Kalman filter – simplified version


Finally… it’s been a while since I’ve started looking into filtering, and more precisely Kalman filters… since I started on my quadcopter project, to be more precise…

After reading the descriptions and formulas found here (highly recommend the short introductory pdf !) I decided I had to code my own simplified version.

Kalman filter applied to input from a noisy FM receiver

The data I’m using for this post comes from a (very) noisy RC FM receiver that sits right next to an electric motor and that was causing troubles to the point that I couldn’t control the tank (even with a capacitor on the motor !).

So let’s start with simply filtering a scalar value…

Here’s the Java code :


package mykalman;

public class MyKalman {
private double Q = 0.00001;
private double R = 0.01;
private double P = 1, X = 0, K;

private void measurementUpdate(){
K = (P + Q) / (P + Q + R);
P = R * (P + Q) / (R + P + Q);
}

public double update(double measurement){
measurementUpdate();
double result = X + (measurement - X) * K;
X = result;

return result;
}

private static int[] DATA = new int[]{0,0,0,0,0,0,0,0,0,0,3,13,20,31,39,44,46,54,57,57,63,67,67,70,76,78,86,0,93,99,100,100,100,100,102,106,108,105,50,108,106,106,106,105,105,105,106,106,106,105,105,108,106,80,106,106,105,106,106,106,106,106,106,106,2,106,106,106,106,108,106,108,104,106,105,106,105,106,106,105,105,105,106,106,106,106,105,106,106,105,105,108,30,106,106,105,106,106,104,106,106,105,80,109,106,108,105,106,106,106,108,106,106,105,106,104,108,105,106,106,104,106,106,106,108,108,106,45,60,75,106,106,106,106,105,105,104,106,106,106,106,108,108,106,106,106,105,105,106,106,106,106,106,106,106,105,105,109,106,108,106,106,105,106,108,20,106,106,106,105,105,106,104,108,108,106,106,104,106,104,106,105,106,106,109,45,106,106,106,66,105,106,103,105,105,106,106,105,108,104,106,105,106,106,108,104,105,66,66,66,106,105,108,105,108,106,106,106,106,106,106,108,106,108,105,105,105,106,106,105,106,108,106,105,106,0,106,105,106,106,106,106,106,104,106,104,108,106,108,108,106};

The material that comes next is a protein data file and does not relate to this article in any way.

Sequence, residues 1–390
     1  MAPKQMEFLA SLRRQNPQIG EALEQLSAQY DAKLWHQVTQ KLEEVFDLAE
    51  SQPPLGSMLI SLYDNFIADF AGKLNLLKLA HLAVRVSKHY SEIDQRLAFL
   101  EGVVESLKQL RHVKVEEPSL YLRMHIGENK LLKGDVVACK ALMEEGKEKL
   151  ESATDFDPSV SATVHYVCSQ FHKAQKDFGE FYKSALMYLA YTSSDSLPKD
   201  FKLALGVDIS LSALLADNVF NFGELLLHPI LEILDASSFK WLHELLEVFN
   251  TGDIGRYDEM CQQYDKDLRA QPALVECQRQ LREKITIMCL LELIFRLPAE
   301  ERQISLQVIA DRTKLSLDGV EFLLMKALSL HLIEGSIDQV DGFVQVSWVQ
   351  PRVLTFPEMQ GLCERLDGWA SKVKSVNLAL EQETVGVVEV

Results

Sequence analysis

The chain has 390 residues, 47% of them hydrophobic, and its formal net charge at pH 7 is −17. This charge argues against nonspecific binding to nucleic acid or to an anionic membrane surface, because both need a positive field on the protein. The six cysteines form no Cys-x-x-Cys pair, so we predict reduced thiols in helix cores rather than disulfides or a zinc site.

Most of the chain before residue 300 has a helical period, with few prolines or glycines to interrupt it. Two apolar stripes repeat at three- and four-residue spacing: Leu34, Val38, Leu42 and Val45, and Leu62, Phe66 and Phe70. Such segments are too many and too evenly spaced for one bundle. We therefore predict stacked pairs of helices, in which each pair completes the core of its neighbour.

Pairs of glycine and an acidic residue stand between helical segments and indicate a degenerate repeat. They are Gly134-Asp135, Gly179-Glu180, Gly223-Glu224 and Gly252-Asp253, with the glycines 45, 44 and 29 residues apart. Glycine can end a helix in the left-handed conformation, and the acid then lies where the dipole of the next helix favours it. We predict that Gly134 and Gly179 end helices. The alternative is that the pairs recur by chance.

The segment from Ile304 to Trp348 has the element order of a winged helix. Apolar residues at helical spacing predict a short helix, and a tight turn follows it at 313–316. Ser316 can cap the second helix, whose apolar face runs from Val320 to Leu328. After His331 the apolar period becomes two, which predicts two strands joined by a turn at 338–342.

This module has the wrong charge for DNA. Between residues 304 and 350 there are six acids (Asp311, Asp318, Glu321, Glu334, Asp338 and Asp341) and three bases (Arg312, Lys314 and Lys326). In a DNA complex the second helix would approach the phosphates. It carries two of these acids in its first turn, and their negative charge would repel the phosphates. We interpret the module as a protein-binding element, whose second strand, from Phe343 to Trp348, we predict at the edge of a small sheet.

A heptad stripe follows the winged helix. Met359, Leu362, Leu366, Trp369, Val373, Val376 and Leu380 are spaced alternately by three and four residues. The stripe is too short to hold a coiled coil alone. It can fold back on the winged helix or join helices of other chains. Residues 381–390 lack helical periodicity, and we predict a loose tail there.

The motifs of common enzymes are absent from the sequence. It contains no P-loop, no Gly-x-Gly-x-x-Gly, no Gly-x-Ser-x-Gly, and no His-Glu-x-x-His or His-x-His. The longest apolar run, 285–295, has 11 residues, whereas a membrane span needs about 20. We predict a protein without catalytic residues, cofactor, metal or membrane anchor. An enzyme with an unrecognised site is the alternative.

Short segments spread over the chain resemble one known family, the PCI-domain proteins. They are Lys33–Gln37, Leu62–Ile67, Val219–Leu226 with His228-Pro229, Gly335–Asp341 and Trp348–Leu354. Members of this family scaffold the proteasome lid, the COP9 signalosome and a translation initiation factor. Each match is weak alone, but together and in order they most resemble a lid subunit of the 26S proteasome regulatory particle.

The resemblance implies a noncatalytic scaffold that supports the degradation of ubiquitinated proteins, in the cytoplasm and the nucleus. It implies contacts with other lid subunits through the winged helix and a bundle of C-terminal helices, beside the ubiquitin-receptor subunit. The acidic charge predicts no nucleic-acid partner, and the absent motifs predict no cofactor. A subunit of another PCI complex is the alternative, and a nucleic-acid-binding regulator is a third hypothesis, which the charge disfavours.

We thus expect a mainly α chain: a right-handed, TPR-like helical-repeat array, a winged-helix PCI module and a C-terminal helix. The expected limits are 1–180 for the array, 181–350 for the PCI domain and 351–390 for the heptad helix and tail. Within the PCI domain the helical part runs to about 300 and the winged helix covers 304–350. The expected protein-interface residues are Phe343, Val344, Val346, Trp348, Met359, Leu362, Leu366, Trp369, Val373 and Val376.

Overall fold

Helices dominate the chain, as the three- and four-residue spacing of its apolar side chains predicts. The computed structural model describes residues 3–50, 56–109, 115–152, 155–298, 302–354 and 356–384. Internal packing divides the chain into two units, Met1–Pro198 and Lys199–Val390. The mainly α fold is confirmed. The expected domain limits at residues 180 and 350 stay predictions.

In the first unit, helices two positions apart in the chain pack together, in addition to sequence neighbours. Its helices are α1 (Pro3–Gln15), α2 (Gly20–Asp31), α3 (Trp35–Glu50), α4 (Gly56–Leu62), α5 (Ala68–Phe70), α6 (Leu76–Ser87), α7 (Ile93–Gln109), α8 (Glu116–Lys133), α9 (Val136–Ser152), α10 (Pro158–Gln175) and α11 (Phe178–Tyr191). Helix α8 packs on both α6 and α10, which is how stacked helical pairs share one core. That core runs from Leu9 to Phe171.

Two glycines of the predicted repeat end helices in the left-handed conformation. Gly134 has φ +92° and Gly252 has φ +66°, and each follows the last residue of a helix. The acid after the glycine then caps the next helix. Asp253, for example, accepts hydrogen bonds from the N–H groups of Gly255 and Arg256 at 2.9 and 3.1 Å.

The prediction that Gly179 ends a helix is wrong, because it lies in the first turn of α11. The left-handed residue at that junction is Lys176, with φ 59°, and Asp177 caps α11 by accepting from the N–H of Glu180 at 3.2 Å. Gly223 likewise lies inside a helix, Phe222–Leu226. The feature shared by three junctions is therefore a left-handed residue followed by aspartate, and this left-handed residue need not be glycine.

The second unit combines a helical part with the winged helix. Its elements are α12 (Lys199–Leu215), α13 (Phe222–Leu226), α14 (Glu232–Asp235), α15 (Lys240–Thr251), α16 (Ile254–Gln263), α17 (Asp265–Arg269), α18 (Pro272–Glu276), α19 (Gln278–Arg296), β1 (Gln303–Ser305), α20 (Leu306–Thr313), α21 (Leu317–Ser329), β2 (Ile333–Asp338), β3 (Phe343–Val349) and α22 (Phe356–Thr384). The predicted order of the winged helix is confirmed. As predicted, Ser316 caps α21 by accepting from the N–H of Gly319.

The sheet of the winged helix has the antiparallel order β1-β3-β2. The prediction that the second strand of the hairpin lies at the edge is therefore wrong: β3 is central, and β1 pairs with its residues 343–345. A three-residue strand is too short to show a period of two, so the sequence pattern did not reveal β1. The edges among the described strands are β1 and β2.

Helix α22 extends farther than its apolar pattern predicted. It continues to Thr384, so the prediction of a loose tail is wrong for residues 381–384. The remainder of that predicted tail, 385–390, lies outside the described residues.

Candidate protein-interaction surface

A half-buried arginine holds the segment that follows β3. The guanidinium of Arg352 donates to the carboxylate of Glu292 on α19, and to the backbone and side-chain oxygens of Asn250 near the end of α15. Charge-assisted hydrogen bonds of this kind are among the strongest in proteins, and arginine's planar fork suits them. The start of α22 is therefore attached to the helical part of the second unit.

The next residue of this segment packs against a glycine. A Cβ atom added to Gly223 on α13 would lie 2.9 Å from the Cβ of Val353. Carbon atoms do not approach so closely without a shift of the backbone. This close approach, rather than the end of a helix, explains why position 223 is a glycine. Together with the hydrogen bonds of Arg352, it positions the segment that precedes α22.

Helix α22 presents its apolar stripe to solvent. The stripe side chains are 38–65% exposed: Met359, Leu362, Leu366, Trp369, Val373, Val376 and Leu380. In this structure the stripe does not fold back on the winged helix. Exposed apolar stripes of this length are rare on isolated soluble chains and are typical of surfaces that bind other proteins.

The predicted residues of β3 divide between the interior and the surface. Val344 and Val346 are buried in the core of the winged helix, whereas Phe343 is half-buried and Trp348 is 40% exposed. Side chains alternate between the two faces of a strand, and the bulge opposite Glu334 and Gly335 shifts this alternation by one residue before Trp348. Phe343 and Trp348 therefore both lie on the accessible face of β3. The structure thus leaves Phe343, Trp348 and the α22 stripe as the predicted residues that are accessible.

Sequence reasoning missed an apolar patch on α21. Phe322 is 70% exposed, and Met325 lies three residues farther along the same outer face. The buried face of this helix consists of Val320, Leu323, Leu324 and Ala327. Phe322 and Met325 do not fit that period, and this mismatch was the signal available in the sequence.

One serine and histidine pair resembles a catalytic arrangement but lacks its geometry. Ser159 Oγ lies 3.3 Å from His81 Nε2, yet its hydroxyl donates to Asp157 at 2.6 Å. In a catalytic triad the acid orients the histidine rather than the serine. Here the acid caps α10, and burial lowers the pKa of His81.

public static void main(String[] args){
MyKalman filter = new MyKalman();
for(int d : DATA){
System.out.print(Math.round(filter.update(d)) + ",");
}
}

}

Yep, that’s it…. no kidding… it’s obviously quite simple because :

  • there is no control input
  • we measure the state directly
  • etc. …

But still does a quite impressive job !

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12 Responses to Kalman filter – simplified version

  1. Pingback: 【確率ロボティクス】カルマンフィルタの実装 | GUSUGUSU.NET

  2. Pingback: kalman-filter-simplified-version | 不分享空間

  3. Pingback: a drop in the digital ocean

  4. Two questions:
    1. Is it possible to replace second line in measurementUpdate method with
    P = R * K; ( because (P + Q) / (R + P + Q) is already equal to K) ?

    2. It seems K tends to 0.0311267292017… (after 100-th step) so do we need all that difficult calculations?

    • trandi says:

      You are correct, after a while I did realise that this version of the filter was so “simplified” that it’s basically almost just a low pass filter… but never took the time to update this post.
      Thank you for pointing it out.

      Have a look at some of the comments below, especially the one with explaining that “K and P are actually independent “.

      Dan

  5. Alex says:

    Hi,
    for what does Q, R and P stand for? What I mean: Which of these Parameters I have to change, for example, to get a fast rise?

  6. Do you know of a reliable way to choose a decent process noise and measurement error covariance for use with your filter?

    Thanks!

    • trandi says:

      Hi Bob,

      No, this is barely my first foray into filtering / machine learning, and to be honest I think the example in this post is sooo simplified, that it basically has the same effect as a low pass filter, which is much easier to write…

      But please do let me know if you find a nice / simple process to choose the covariance matrix …!

      Dan

      • Thanks, I’ll let you know if I find anything. I was hoping your solution would be a silver bullet but I think you are right, it might be a slightly better low-pass in its current state.

  7. Pingback: Very Simple Kalman in C# « a drop in the digital ocean

    • trandi says:

      thanks for you reference to my Java Kalman filter implementation.

      Just beware that, because there is no control input K and P are actually independent of X (the process value) and will quickly tend to constant values… hence even that measurementUpdate() method becomes un-necessary and the whole filter will amount to doing a simple moving average over the measured values…

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